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Cat (Photo : YouTube/Tiger Productions)

According to a new study, cat ownership during childhood raises the risk of being diagnosed with a mental illness like schizophrenia, obsessive-compulsive disorder, addiction or bipolar disorder later in life. The primary reason is the exposure to a parasite called Toxoplasma gondii that is present in feces of cats. The study was published in the journal Schizophrenia Research.

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The parasite can infect any warm-blooded animal, including humans. It can cause serious damage to pregnant women and individuals with weakened immune systems, Medical News Today reported.

Toxoplasma gondii leads to an illness known as toxoplasmosis, a condition that gives rise to abnormal fetal development, miscarriage, blindness and flu-like symptoms.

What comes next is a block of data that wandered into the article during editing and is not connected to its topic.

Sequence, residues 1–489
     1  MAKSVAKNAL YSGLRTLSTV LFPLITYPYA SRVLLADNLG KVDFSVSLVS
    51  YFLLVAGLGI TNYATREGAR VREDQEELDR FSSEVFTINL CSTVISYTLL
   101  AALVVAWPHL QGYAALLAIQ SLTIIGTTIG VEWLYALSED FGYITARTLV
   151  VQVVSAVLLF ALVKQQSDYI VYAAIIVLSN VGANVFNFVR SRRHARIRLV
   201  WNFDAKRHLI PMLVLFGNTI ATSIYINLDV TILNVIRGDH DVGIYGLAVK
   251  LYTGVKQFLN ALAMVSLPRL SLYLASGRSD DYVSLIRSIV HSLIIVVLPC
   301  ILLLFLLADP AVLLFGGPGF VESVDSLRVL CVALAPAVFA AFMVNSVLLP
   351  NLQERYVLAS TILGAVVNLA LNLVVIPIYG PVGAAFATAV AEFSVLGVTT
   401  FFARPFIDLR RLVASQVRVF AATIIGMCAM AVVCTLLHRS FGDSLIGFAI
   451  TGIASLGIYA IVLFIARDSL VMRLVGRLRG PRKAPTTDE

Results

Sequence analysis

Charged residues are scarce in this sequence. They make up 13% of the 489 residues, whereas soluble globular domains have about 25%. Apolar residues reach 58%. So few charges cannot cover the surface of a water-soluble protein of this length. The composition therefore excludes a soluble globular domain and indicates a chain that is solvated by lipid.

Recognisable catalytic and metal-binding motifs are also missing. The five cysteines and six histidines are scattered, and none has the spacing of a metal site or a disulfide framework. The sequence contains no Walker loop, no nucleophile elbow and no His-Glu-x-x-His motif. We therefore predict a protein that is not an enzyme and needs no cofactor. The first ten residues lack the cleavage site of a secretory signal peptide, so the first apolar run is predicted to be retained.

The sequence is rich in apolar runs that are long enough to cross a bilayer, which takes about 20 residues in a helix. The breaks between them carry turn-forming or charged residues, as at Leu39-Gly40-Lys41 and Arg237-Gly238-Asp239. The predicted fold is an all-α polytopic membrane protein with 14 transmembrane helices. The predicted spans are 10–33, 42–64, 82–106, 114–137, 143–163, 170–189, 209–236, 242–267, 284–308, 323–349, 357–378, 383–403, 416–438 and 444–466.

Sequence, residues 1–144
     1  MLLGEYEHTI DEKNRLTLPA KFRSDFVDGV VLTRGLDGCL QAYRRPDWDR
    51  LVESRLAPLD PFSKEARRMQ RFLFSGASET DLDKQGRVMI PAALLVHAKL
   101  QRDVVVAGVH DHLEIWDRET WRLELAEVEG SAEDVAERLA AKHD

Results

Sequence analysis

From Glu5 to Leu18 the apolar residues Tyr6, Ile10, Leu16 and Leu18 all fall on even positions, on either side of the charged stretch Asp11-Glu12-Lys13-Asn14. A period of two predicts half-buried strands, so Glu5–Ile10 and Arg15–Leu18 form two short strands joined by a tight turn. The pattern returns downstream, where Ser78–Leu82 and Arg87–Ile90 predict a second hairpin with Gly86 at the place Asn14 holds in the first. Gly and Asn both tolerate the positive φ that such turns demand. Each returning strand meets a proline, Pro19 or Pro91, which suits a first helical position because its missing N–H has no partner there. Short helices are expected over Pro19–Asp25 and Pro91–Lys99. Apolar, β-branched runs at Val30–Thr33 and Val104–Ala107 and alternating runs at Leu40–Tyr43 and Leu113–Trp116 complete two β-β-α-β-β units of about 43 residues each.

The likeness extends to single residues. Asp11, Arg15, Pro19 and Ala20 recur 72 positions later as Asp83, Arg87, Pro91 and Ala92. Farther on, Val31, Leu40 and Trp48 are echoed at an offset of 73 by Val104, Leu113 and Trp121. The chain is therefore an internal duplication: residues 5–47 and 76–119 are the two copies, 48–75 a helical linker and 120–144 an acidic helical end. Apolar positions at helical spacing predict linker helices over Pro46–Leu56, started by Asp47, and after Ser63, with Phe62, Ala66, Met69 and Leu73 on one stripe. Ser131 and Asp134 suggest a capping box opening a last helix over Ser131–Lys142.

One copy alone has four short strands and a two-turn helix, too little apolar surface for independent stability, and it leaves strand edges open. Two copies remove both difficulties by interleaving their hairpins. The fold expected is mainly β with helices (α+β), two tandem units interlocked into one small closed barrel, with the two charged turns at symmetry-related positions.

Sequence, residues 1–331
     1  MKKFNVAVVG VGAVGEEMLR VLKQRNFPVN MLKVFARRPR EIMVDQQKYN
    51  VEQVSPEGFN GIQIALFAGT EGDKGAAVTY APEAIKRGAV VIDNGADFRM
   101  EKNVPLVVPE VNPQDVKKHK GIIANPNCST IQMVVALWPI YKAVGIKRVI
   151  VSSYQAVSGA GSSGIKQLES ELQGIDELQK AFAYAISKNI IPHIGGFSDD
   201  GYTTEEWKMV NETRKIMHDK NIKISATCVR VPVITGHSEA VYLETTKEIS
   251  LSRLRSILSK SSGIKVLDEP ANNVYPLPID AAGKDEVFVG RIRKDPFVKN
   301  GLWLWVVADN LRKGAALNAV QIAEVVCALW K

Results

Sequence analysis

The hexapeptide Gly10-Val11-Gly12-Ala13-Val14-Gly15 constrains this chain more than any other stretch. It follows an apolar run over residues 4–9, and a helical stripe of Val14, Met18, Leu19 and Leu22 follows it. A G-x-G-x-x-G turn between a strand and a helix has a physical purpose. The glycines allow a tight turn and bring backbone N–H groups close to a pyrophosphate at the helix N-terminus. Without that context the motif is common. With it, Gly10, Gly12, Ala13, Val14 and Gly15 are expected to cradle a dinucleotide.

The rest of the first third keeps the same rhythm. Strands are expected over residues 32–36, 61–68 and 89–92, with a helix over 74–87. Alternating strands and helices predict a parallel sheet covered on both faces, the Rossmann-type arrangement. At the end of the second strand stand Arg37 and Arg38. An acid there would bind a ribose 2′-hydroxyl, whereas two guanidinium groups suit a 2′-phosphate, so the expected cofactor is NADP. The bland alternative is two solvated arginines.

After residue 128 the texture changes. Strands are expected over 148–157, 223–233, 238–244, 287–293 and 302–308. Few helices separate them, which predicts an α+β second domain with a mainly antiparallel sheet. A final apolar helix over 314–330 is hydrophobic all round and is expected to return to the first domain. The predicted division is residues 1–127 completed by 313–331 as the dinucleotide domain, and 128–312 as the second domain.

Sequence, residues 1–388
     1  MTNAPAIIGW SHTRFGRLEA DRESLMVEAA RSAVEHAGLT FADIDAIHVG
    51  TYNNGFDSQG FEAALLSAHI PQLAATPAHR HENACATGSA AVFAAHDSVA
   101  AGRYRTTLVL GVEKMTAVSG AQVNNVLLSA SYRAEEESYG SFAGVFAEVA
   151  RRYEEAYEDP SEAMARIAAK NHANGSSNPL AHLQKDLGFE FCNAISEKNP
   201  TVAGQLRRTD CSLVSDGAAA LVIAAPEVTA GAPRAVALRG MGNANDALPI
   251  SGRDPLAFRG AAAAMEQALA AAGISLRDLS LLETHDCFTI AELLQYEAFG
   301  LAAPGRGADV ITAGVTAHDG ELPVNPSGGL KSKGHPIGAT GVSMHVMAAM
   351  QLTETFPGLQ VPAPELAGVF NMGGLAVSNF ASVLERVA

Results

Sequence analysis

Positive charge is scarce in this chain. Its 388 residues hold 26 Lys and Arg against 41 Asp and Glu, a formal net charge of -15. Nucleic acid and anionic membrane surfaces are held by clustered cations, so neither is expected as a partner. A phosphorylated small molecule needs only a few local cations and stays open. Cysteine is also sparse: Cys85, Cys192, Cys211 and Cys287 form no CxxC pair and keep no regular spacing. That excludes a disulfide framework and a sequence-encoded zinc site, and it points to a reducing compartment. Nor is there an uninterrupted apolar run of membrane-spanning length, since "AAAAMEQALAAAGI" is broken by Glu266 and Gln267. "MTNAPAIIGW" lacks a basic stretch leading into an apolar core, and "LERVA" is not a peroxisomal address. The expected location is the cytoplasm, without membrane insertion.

According to experts, toxoplasmosis could also affect the mind, especially among individuals who are exposed to T. gondii as kids. The new research suggests that latent T. gondii infections can reactivate later in life. Infected kids are two times as likely to develop schizophrenia and are slightly more vulnerable to other mental health conditions, such as obsessive-compulsive disorder, addiction and bipolar disorder, according to a review of 50 studies published in the journal Acta Psychiatrica Scandinavica.

People can get  toxoplasmosis by mistakenly ingesting feces of a cat and this can happen when changing litter box of a cat or ingesting contaminated soil. 

Kids can be protected by keeping their cat indoors and covering the sandbox when not in use. Also, it is important to change the litter box of a cat regularly because parasite is not infectious until between 1 and 5 days after the cat poops, the Centers for Disease Control and Prevention reported.